Mr. Rumsfeld, in his remarks, said, '`We're making progress, and themeetings will continue later this week in Washington."
He also noted that America's relations with Russia have changed. InSoviet times, arms control defined the relationship, he said, whiletoday the relationship is "between two nations that are no longerenemies."
A person close to the negotiations today said American officials gave a"largely positive" reaction to the Russian proposals.
"There is a clearer road map to an agreement than there was before lastweek," when "some pretty big differences still existed," this personsaid.
More detailed discussions on the proposal will take place later thisweek, when Foreign Minister Igor Ivanov meets with Secretary of StateColin L. Powell in Washington.
Both officials said the final decision on arms reductions would be leftto President Bush and President Vladimir V. Putin of Russia, who are tomeet in Moscow in late May.
American officials have said that even after the United States cuts its6,000-warhead nuclear arsenal to between 1,700 and 2,200 warheads- theplan announced by Mr. Bush during a summit meeting with Mr. Putin inNovember - it would store hundreds of warheads so that it would have thepotential to respond to future threats.
Russia has repeatedly warned that it will not accept that plan and haspressed for a formal agreement on arms reductions, a condition that Mr.Bush, in a policy turnaround last month, embraced during Mr. Ivanov'slast trip to the United States. Russia has also said it wants a systemto verify American reductions.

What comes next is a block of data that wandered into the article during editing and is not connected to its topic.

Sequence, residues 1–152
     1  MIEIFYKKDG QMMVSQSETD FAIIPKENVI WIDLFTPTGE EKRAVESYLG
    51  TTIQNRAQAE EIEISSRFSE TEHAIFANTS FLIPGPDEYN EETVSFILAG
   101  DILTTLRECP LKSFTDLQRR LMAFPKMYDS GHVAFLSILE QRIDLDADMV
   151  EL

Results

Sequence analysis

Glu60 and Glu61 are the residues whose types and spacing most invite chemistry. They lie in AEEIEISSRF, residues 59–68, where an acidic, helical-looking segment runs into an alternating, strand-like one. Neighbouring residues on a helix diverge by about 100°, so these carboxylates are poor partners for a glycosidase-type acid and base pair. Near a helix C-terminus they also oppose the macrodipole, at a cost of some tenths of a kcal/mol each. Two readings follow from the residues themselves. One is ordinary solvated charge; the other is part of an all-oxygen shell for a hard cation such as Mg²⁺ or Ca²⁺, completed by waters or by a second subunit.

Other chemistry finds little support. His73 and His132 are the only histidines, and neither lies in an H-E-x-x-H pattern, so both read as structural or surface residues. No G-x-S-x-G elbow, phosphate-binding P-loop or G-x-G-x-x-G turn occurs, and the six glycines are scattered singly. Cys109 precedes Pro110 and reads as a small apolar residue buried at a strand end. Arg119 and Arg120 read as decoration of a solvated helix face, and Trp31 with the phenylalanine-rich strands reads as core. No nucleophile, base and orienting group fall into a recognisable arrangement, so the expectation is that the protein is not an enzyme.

The Russian proposal announced by Mr. Ivanov today sets out "ways to tryto avoid having those issues become hang-ups," said the person close tothe negotiations, who added that "the odds have increased," for a treatynext month, "although it is far from a done deal."
Under Secretary of State John Bolton left Moscow unexpectedly last week,ahead of his planned departure date, after receiving the proposal fromRussian negotiators.
At times during the news conference today Mr. Ivanov, who has expressedstrong opposition to the American intention to store nuclear warheads,seemed to hint that Russia had become more flexible.
"We are not simply thinking mechanically, maybe like we did before,about the number of carriers, warheads and so on," he said. "We aretrying to forecast the situation in the world in our bilateral relationsfive, seven, nine years from now."
Russian nuclear experts remained skeptical that a quick solution couldbe reached.
"The rules of how to verify, and of storage versus destruction - theseare very serious problems," said Anatoly Dyakov, director of the Centerfor Arms Control at the Moscow Institute of Physics and Technology."Saying we are friends, not enemies, and don't need treaties anymore -it is just not true yet." return to menu
4. Rumsfeld, Ivanov Meet In Moscow
Linda D. Kozaryn
American Forces Press Service
April 29, 2002
(for personal use only)
The relationship between the United States and Russia today goes beyondarms control, Defense Secretary Donald H. Rumsfeld said here today.
It is "different in breadth and dimension" from the past, he said.
After meeting with Russian Defense Minister Sergey Ivanov for more thantwo hours, the two met with reporters.
"Over the decades the relationship has tended to be about arms control,"Rumsfeld said. "I wouldn't want to leave the impression that that's theway it is."
The relationship is "evolving in a way that the discussions we havetoday are not simply about arms control," Rumsfeld said, "but rather itis a multifaceted relationship that involves political, economic as wellas security issues. The discussions Minister Ivanov and I have fromtime-to- time cover a full-range of subjects, as they should between twonations that are no longer enemies."
Rumsfeld arrived at Moscow International Airport this morning. It washis final stop on a five day trip to Kyrgyzstan, Afghanistan,Turkmenistan and Kazakhstan.
The two defense leaders discussed the situation in Afghanistan andCentral Asia, the global war on terrorism and strategic arms reductions.